Titanosaurs belonged to a group of dinosaurs called sauropods — the largest terrestrial creatures that ever roamed the Earth. But while most sauropods disappeared during the Late Cretaceous 100 million years ago, Titanosaurs thrived during that period. However, the early evolution of this group is not that well known because not many fossils have been discovered.

An illustration of two titanosaurs in their natural environment. Image credits: Mark Wutton.

This is where Mnyamawamtuka moyowamkia comes in. Its name is derived from Swahili for “animal of the Mtuka (with) a heart-shaped tail”, in reference to the name of the riverbed (Mtuka) in which it was discovered and due to the unique heart-shape of its tail bones. Mnyamawamtuka was first discovered in 2004 when parts of its skeleton were found high in a cliff wall overlooking the seasonally dry Mtuka riverbed in Tanzania. Excavations continued, at times requiring extreme dedication: often, the digging team was suspended by ropes or climbing gear over the wall. If the digging would have been delayed even by just a few years, erosion might have destroyed much of this skeleton.

Digging the skeleton required a lot of dedication. Image credits: Gorscak & O’Connor.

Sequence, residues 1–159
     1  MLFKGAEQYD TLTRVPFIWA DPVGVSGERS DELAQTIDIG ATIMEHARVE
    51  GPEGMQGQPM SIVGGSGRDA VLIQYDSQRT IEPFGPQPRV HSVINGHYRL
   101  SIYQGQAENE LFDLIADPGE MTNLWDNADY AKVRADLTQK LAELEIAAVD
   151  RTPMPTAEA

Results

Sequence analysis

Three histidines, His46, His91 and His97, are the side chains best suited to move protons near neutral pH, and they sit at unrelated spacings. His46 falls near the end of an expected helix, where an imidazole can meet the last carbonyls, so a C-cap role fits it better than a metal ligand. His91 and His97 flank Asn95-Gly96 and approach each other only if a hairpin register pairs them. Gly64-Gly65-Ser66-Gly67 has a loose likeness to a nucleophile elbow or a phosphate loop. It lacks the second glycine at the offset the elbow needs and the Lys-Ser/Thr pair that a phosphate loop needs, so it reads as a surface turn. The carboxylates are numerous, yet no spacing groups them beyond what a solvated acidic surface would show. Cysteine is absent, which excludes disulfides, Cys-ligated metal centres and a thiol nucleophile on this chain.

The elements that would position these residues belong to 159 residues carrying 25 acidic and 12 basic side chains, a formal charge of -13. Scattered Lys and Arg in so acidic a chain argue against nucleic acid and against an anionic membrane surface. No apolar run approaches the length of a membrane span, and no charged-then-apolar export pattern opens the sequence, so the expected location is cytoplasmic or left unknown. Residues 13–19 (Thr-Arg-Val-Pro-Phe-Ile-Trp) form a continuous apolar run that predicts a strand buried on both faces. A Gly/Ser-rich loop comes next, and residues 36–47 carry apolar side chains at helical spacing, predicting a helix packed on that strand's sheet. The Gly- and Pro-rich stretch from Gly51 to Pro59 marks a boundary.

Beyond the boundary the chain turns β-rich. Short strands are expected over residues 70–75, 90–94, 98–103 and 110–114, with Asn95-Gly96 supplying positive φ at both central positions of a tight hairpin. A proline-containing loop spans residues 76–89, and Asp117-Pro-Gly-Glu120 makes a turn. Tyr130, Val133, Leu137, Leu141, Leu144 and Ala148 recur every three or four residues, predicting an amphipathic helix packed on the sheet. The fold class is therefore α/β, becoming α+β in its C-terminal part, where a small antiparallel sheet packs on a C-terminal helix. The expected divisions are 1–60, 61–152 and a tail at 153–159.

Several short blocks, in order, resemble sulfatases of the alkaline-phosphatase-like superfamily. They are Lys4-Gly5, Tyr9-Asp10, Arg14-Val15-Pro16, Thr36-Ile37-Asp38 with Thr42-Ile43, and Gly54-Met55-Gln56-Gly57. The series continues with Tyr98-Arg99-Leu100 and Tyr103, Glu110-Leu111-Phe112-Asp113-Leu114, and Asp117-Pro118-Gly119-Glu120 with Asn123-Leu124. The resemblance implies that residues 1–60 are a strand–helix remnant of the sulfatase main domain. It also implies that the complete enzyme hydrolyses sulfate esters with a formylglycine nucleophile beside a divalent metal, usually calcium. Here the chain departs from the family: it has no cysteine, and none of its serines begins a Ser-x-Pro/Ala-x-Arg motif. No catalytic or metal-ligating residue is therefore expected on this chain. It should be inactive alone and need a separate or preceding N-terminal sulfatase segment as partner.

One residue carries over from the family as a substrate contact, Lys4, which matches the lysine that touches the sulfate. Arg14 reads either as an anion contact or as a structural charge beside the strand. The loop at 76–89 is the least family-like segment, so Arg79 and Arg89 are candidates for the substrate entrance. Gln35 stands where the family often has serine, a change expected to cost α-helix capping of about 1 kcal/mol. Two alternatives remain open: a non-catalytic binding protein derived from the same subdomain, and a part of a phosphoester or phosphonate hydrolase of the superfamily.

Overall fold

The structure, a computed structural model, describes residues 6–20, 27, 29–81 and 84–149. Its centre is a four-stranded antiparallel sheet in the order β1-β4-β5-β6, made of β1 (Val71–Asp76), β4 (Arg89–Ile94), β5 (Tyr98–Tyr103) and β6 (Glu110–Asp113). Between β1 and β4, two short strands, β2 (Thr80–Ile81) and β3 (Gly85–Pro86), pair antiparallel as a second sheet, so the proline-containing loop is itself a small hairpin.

Researchers note that the finding is particularly important as it provides a much-needed puzzle piece in understanding Titanosaur evolution, as well as the general evolution of African fauna during the Cretaceous.

“Although titanosaurs became one of the most successful dinosaur groups before the infamous mass extinction capping the Age of Dinosaurs, their early evolutionary history remains obscure, and Mnyamawamtuka helps tell those beginnings, especially for their African-side of the story,” said lead author Dr. Eric Gorscak. “The wealth of information from the skeleton indicates it was distantly related to other known African titanosaurs, except for some interesting similarities with another dinosaur, Malawisaurus, from just across the Tanzania-Malawi border,” noted Dr. Gorscak.

An illustration depicting Mnyamawamtuka and the parts of its skeleton which have been uncovered. Image credits: Gorscak & O’Connor.

This isn’t the only important finding from the area. Among others, researchers have found evidence of two other titanosaurs (Shingopana songwensis and Rukwatitan bisepultus), a mammal-like crocodile (Pakasuchus kapilimai), evidence of the monkey-ape split, as well as early evidence of insect farming.

This new find also suggests a close relationship titanosaurs from Africa and South America — two continents which were joined together 180 million years ago.

“This new dinosaur gives us important information about African fauna during a time of evolutionary change,” said Judy Skog, a program director in the National Science Foundation’s Division of Earth Sciences, which funded the research. “The discovery offers insights into paleogeography during the Cretaceous. It’s also timely information about an animal with heart-shaped tail bones during this week of Valentine’s Day.”

Journal Reference: Gorscak E, O’Connor PM (2019) A new African Titanosaurian Sauropod Dinosaur from the middle Cretaceous Galula Formation (Mtuka Member), Rukwa Rift Basin, Southwestern Tanzania. PLoS ONE 14(2): e0211412. https://doi.org/10.1371/journal.pone.0211412

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